National Geographic : 1970 Aug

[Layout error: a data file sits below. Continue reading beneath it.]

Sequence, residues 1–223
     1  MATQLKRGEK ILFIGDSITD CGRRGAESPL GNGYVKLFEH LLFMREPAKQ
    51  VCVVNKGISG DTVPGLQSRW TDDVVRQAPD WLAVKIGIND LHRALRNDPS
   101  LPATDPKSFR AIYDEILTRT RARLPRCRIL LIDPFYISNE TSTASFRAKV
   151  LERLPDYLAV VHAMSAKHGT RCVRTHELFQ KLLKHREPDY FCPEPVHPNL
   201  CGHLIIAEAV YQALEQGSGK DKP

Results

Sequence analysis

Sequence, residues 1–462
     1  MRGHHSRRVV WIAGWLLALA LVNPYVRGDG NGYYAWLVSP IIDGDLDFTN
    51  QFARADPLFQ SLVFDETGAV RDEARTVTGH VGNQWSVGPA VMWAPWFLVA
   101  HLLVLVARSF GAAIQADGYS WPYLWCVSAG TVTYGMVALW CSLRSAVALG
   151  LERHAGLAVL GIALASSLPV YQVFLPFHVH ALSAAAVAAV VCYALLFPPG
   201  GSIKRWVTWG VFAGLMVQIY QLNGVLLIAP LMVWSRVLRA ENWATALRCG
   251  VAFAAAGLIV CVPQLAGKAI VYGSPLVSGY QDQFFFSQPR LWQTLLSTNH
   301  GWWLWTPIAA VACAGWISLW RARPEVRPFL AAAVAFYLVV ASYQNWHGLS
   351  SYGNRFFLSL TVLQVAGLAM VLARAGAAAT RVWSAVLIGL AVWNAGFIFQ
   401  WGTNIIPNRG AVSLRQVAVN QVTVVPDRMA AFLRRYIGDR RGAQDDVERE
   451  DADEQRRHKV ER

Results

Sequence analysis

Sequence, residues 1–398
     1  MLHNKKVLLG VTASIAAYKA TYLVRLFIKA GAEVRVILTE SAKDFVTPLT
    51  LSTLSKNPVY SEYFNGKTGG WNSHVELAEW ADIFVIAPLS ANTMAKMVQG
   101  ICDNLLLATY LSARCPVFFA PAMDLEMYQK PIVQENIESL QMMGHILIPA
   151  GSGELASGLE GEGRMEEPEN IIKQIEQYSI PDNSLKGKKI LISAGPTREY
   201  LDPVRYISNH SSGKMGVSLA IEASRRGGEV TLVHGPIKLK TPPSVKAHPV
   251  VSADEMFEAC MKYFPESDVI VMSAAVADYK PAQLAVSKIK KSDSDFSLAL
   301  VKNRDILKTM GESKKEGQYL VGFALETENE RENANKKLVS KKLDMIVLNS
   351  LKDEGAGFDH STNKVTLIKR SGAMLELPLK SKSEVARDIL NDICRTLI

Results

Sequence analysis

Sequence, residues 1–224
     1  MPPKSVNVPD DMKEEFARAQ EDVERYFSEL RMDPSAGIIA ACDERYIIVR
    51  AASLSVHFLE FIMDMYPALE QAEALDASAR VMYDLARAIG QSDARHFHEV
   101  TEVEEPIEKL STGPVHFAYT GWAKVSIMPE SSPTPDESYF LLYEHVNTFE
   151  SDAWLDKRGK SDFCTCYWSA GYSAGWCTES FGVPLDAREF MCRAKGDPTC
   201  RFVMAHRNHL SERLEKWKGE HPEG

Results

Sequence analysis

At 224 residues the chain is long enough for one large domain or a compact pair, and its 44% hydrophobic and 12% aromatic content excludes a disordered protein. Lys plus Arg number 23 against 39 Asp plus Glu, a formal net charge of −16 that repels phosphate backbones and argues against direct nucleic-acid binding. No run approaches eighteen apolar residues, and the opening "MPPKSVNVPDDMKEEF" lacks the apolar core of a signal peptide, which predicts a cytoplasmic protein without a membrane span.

SOCIETY Winthrop M. Crane III, great-great-grand son of Zenas Crane, who founded the com pany in 1801, told me, "Our family has an old connection with papers for currency. The Cranes, who then had a mill near Boston, sold 'money paper' to Paul Revere for some of the early Massachusetts currency." In 1879 the Cranes began making the dis tinctive security paper that has been the bane of counterfeiters ever since. Their papers are also used in stock certificates and bonds, in traveler's checks, in the currencies of several foreign governments, and for numerous sta tionery and industrial purposes. Papermaking was long a mainstay of Berk shire economy, and the Cranes have had plen ty of competition from the Westons, in Dalton, and the Eatons of Pittsfield. Early rivalries among them have given way to amicable relations, Mr. Crane told me with a twinkle. "I have an Eaton mother, a Crane father, and a Weston wife." Three miles from the Crane mills, on the eastern edge of Pittsfield, the Berkshires' big gest city, stands a great industrial complex of the General Electric Company. "The shop," G.E. is called by its 11,000 employees, who make some of the most amazing products of modern technology. These include the "star scope" and the "people sniffer"-devices which gather starlight so that American fight ing men in Viet Nam can see the enemy at night, or detect his presence through his human odor though he lurks in the thickest jungle growth.* At the famed High Voltage Laboratory (page 206), a man sitting at a Space Age con sole twirled some dials. Through a large *See "Remote Sensing: New Eyes to See the World," by Kenneth F. Weaver, GEOGRAPHIC, January 1969.